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Taylor Swift’s ‘Shake It Off’ takes clumsy steps

By Randall Roberts
Los Angeles Times

In the opening moments of Taylor Swift’s new dance-heavy video for “Shake It Off,” mainstream America’s favorite singer thematically moves from white to black to gray, from ballerina to B-girl to modern dancer.

Swift changes scenes playfully, clumsily working to keep up with her more practiced, graceful co-stars. She trips in her tutu, ogles short-short booty while gliding beneath splayed legs and leaps while dressed as a cheerleader.

Juggling outfits and approaches, Swift, 24, simultaneously introduces an Us vs. Them lyrical narrative in which she swats aside criticism like King Kong batting airplanes.

“The players gonna play, the haters gonna hate,” she sings of her detractors and/or ex-boyfriends, “but I’m just gonna shake.” She delivers the chorus with a joyful defiance. Don’t think. Dance. Stepping out on me? Play away. Getting yelled at by mom? Put your hands over your ears and start screaming “the haters gonna hate!”

Eight years into her remarkable run, “Shake It Off” presents an artist gunning for sly transgression but instead landing on tone-deaf, self-absorbed teen regression, with music to match the vibe. A defiant simplification with a lyrical hook to die for, the first song from her forthcoming album, “1989,” goes all-in on dance pop. The closest thing to twang are the cornrows on one of her dancers’ heads.

That said, it is a perfect pop confection, one destined to generate licensing dollars for decades to come (Swiffer! Shake Shack! A Chevy Malibu on the road to vacation! “Shake it off!”). It’s also a sly strategic step-aside, one that suggests that despite any and all protestations, this song is going to be running through your head for the next few months. You may have preferred me as a Nashville princess, Swift implies, but I’m gunning for mainstream rebel queen status.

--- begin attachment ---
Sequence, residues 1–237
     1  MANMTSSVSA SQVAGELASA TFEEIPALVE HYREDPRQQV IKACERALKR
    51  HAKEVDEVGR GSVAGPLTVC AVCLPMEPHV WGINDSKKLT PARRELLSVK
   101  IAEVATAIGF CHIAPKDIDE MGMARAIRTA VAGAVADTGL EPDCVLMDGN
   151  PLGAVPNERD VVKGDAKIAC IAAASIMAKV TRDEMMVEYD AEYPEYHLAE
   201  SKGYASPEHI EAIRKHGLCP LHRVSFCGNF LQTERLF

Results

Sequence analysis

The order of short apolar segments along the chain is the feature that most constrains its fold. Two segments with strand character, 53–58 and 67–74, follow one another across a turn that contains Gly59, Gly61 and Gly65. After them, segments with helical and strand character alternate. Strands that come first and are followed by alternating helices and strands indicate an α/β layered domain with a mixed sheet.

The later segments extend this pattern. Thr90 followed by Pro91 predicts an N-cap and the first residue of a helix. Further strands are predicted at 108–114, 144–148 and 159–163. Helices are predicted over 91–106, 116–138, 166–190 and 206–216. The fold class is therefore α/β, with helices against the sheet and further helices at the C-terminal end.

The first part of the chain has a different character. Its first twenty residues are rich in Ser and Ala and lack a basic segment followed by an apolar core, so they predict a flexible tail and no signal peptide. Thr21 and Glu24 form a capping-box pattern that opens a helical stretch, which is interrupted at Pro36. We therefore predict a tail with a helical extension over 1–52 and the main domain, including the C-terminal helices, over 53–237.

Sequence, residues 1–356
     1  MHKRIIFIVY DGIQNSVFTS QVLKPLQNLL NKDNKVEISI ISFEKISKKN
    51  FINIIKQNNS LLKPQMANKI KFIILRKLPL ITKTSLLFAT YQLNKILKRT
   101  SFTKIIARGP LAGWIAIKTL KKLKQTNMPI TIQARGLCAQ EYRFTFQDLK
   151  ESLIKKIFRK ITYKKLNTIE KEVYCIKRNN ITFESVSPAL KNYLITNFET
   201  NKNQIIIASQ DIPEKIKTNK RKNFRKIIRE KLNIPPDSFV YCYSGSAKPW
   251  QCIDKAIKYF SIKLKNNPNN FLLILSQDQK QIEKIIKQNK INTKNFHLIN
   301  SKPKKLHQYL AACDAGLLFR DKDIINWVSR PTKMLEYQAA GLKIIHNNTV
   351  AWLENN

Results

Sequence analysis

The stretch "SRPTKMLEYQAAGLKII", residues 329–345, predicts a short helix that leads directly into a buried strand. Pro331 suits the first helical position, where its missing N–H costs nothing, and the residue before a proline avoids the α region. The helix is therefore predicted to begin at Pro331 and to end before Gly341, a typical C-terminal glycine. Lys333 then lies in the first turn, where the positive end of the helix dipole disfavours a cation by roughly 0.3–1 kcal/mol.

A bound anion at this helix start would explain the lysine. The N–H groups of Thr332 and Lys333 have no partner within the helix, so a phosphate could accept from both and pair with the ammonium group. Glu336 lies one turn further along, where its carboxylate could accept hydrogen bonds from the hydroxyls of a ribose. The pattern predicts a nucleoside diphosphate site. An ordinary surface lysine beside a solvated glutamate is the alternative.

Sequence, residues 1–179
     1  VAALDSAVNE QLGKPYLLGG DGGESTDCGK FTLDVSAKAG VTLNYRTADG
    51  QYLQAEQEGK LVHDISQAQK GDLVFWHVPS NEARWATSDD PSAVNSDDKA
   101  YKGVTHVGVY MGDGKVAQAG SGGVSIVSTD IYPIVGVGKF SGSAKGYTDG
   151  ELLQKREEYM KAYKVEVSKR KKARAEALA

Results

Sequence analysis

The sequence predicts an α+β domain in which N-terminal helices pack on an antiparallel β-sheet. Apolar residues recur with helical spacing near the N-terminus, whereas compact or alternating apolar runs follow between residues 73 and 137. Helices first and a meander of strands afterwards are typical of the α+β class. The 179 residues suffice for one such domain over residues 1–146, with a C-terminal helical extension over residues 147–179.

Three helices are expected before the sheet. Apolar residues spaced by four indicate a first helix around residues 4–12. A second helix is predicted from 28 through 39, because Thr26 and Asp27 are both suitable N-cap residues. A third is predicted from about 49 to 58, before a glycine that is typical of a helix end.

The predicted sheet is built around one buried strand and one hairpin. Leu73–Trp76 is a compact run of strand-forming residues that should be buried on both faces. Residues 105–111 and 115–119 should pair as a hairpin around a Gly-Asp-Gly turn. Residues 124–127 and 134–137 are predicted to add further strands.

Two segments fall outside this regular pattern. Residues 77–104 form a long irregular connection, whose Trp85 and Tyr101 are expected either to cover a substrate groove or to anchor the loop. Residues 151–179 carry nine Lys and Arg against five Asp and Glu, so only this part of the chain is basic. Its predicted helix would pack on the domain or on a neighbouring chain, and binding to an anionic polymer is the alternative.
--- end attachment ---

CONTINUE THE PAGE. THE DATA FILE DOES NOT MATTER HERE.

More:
Throughout the video, Swift juggles cultural and musical signifiers with glee. She tries to twerk knowing full well the trouble that caused Miley Cyrus. She carries an old-school boombox while wearing red. She plays with feminine stereotypes – cheerleader, ballerina, an android Lady Gaga mimic, a stripper-suggestive twerker and gender-neutral figure dressed like Steve Jobs. Combined, Swift delivers her pitch as everywoman.

To my mind, the most telling moment of the video arrives in a quick edit, while she’s wearing ghetto-fabulous eyeglasses: Staring at the camera, Swift mimics a fisherman reeling in an imaginary catch. The cut implies that she’s hooked us, that we’re helplessly flapping in air like swordfish and singing along to that dang chorus, “Shake it off!”

Tone-deaf? Maybe a little, even if it’s not her fault that she can’t (yet) control the news cycle.

There’s one undeniable argument for the success of “Shake It Off” as a pop song. By the time I had digested it a single time, that chorus was already implanted in my head, where it prompted an internal civil war between the part of me that resented its cloying nature and my mind subconsciously looping the words, “The haters gonna hate.”

Like a Trojan horse sneaking a Swiftian army into a nemesis’ psyche, “Shake It Off” is in our consciousness whether we like it or not. The only question is how to best live with it.

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